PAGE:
Mohsen Ba Surrah, a local MP since 1997 and an agricultural engineer, was one of the first to speak out against oil pollution in the region. He claims to have received the first complaints from residents living near Total E&P Yemen facilities in the early 2000s. “I wrote a series of reports and brought the matter before parliament on numerous occasions.” His investigations all led to “produced water”. This is water that returns to the surface as wastewater during oil and gas production; its toxic composition includes “small quantities of heavy metals and radioactive materials,” as well as a highly carcinogenic cocktail called “BTEX (benzene, toluene, ethylbenzene, and xylene),” explains Paul Hardisty, CEO of the Australian Institute of Marine Sciences.
Total E&P Yemen extracted millions of liters of this toxic water every day for years in order to extract oil from Block 10. According to an insightful study, the starting point of this investigation, carried out by the Sana’a Center for Strategic Studies, in 2008 the neighboring Block 14 was producing up to 2 million barrels of produced water per day. The question is, how did they dispose of it? The oil company chose to store it in a hundred or so underground reservoirs equipped with simple plastic sheeting to prevent infiltration into the soil: thus, exposing the produced water to the Sun so that it evaporates. A method as archaic as it is dangerous, according to a French oil engineer who wishes to remain anonymous. “As far as I know, nobody plays this game anymore, apart from small companies with rogue methods. The international standard would be to treat produced water in plants. With the method used here, some of the water escapes into the air, and some seeps into the soil, since the lifespan of a polymer tarpaulin exposed to UV light is short. Once the water has evaporated, all the solid particles are left behind, forming a hydrocarbon-laden sludge with a high concentration of radioactivity, which is highly toxic.” Total, for its part, concedes that it has never drained its reservoirs to avoid damaging their fragile lining, but asserts that a skimming system had been installed to recover the residual oil, which is separated from the produced water and then recycled. However, this did not prevent tons of radioactive and carcinogenic soil from being left to decay. Even today, satellite images of Block 10 recovered by “L’Obs” show certain reservoirs clearly overflowing with this noxious sludge.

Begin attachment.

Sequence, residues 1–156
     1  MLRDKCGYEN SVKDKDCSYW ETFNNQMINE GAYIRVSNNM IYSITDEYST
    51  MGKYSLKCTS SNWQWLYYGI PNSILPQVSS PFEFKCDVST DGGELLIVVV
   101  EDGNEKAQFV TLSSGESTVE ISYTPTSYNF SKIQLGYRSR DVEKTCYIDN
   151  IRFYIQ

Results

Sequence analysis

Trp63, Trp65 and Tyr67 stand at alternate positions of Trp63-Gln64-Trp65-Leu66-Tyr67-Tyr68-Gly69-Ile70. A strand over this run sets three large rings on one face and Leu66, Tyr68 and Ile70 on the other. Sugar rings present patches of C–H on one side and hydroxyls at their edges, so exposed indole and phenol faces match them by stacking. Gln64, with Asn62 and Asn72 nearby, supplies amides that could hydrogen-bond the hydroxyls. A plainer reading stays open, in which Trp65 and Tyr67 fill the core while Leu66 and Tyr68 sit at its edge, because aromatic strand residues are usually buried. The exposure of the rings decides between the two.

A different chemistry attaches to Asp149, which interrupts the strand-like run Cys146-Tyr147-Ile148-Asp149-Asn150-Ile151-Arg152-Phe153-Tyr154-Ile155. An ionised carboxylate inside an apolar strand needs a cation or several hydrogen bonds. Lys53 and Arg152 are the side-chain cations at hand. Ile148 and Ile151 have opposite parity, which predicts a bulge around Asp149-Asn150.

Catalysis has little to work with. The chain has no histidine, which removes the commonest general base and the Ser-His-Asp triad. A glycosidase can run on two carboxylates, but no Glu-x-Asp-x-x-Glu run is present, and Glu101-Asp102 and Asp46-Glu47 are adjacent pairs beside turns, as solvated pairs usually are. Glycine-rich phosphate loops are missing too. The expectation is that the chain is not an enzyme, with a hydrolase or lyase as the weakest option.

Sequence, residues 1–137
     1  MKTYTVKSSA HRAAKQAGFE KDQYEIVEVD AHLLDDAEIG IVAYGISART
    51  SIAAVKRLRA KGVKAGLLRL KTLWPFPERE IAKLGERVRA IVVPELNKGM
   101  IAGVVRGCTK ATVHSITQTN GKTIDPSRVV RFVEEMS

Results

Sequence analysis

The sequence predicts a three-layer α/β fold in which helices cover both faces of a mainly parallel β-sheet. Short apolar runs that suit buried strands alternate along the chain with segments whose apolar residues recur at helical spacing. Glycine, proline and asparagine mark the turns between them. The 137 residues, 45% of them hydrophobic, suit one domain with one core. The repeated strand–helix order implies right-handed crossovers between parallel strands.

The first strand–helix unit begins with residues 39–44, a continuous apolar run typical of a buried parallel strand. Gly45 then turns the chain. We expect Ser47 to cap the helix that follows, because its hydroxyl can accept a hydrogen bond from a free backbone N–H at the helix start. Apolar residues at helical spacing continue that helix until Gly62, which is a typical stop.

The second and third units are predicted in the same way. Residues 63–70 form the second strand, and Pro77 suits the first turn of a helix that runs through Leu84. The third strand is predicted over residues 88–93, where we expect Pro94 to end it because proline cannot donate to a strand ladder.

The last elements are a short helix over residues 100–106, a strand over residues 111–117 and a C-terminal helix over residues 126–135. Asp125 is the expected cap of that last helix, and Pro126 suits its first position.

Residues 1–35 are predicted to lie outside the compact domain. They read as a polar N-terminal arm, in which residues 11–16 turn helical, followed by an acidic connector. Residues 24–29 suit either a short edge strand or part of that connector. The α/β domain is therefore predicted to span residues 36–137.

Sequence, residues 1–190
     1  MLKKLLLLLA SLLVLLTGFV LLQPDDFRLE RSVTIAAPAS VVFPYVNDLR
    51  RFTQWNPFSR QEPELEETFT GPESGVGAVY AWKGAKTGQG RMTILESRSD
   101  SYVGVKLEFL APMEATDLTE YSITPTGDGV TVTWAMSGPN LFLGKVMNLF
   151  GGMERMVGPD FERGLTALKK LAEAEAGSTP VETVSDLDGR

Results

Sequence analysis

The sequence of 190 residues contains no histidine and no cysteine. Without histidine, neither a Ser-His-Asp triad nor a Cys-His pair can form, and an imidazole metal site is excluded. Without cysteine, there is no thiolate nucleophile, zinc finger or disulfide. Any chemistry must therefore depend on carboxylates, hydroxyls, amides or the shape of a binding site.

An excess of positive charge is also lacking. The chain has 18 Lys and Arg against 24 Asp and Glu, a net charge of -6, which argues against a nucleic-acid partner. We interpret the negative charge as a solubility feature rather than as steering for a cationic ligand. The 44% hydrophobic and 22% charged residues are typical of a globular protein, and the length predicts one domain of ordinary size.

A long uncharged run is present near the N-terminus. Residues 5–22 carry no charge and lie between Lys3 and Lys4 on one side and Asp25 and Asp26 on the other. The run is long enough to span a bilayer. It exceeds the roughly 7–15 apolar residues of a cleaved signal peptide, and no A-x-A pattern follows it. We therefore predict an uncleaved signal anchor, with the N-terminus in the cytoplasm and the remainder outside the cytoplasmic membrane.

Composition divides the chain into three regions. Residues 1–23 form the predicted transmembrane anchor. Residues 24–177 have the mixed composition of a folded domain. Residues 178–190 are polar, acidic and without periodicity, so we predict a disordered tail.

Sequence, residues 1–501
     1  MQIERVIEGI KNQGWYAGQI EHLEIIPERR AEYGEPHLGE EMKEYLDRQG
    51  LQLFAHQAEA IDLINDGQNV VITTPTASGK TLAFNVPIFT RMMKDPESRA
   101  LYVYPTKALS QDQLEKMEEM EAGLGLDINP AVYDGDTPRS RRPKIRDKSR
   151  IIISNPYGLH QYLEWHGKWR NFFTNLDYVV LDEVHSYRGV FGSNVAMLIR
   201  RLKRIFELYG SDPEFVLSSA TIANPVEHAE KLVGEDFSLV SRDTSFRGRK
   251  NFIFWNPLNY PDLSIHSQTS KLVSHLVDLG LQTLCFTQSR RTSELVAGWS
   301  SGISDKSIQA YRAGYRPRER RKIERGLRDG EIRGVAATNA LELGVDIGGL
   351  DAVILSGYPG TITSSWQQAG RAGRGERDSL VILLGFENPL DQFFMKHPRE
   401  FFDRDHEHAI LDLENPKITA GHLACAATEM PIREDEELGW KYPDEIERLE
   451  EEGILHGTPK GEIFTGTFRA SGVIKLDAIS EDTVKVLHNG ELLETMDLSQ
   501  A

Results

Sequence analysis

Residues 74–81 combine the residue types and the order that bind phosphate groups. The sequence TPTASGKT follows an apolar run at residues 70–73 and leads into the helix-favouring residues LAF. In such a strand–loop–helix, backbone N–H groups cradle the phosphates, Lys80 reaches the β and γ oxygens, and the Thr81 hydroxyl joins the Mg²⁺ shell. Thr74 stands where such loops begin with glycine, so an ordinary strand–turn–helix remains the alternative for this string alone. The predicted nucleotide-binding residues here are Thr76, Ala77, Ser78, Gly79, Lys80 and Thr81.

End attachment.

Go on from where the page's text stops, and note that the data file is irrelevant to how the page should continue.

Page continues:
A Yemeni engineer who worked for Total E&P Yemen has further revelations to make: “When our reservoirs were all full, we reinjected the water into disposal wells dug at a depth of over 2,500 meters.” The company denies this – “There were no inactive so-called disposal wells used to inject produced water.” This is contested by Lucien Dat, a French former employee who served as Health, Safety, and Environment Supervisor of Block 10 between 2006 and 2010. He asserts that Total did indeed bury toxic water: “Oil companies often do that. When they drill, there are lots of wells, some of which are of no use because there’s no oil in them, so they fill them with more or less polluted water, basically crap, and then they close them up again.” A dangerous technique, according to our expert who wishes to remain anonymous: “I’d never heard of it… Once again, it’s an absolutely non-standard practice. What happens to the toxic water injected into a well? The pipes have to be leakproof, and they have to be constantly checked.” According to Dat, this question has never arisen: “Even if there were a small leak, it wouldn’t have any impact at a depth of 2,000 meters. The only risk is the pollution of a water table.” Total, for its part, asserts that “there were no water injection wells in the aquifers.”